The God Delusion – Richard Dawkins

The God Delusion – Richard Dawkins
In today’s day and age it is so hard to have a real discussion about religion. We have as a society evolved (well devolved since its going backwards) to lash out when people want to discuss certain topics.
In the media the left wing nanny state fascists, instead of having discussions on the issue just throw around words like racist and bigots or commence in slanderous attacks rather than discuss the issue but this is just childish. We seem to have lost the ability to have a respectful talk on key issues with someone of an opposing point of view. Is it because we have become a race of keyboard warriors who lash out at anything they don’t agree with? or are people becoming so brainwashed they don’t know why they hold a point of view so they cant argue it? or worse still they are told they are not allowed to.
This book does a wonderful job of highlighting this very issue. How religion has turned into a topic that people don’t want to discuss and just react violently to who ever brings it up. Which is the very opposite of what the major religions preach.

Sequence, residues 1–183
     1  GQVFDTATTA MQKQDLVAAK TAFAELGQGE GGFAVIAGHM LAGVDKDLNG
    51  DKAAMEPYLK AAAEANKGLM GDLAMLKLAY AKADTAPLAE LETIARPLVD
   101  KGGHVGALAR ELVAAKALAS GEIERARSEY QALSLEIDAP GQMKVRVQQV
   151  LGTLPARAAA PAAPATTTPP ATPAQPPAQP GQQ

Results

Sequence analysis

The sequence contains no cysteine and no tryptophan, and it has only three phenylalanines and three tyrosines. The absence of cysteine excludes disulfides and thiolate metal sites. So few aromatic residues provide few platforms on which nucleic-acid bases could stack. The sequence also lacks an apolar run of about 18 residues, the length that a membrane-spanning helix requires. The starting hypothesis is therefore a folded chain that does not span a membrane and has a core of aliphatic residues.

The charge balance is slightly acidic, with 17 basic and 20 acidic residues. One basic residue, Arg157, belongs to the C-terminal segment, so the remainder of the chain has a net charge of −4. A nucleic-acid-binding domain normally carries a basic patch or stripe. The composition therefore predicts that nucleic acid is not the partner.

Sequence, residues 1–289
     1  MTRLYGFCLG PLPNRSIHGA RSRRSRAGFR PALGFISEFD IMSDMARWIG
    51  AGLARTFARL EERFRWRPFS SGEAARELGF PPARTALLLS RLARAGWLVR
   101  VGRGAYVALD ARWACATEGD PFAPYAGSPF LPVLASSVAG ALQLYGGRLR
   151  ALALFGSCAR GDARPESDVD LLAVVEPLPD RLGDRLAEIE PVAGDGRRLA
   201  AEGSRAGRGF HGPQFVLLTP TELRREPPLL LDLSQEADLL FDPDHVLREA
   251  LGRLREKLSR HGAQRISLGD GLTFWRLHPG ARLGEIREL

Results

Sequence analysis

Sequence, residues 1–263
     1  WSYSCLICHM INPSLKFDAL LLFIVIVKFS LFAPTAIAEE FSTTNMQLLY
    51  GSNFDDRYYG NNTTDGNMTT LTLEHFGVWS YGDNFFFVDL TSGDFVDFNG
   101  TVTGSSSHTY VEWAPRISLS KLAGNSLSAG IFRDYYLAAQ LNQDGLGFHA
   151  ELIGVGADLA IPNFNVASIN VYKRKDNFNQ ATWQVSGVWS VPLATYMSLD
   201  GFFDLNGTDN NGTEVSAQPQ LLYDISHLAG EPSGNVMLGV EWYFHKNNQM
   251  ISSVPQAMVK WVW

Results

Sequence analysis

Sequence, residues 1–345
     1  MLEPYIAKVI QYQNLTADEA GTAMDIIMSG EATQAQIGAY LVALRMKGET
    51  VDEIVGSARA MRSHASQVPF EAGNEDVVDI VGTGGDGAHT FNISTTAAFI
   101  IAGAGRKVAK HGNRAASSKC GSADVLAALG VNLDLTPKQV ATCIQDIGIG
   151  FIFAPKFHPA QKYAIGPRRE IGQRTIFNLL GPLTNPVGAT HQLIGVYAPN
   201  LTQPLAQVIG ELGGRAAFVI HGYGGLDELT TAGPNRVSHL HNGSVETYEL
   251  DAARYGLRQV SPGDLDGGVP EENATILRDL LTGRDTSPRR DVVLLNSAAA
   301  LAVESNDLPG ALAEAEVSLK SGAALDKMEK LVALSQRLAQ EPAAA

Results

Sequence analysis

Its a great read for someone who has an open mind and doesn’t run off and bury their head in the sand when a topic is broached they don’t like.

Bang! The Complete History Of The Universe – Brian May, Patrick Moore & Chris Lintott

Bang! The Complete History Of The Universe – Brian May, Patrick Moore & Chris Lintott
Brian May of Queen fame was actually studying a PhD in Astrophysics before his music really took off. Queen became one of the greatest bands of all so Brian abandoned his studies to focus on the music. Fast forward to 2006 and he decides to finish the PhD he started many years ago.
In 2006 as he was getting into the swing of Astrophysics again, he released a book with sir Patrick Moore and Chris Lintott. This book essentially reviews the timeline of events from the formation of the universe to its potential end. It is rather basic in its approach and doesn’t talk of equations or any hard science. For someone who has no knowledge of this topic its a great introduction to cosmology but a little too basic for my tastes.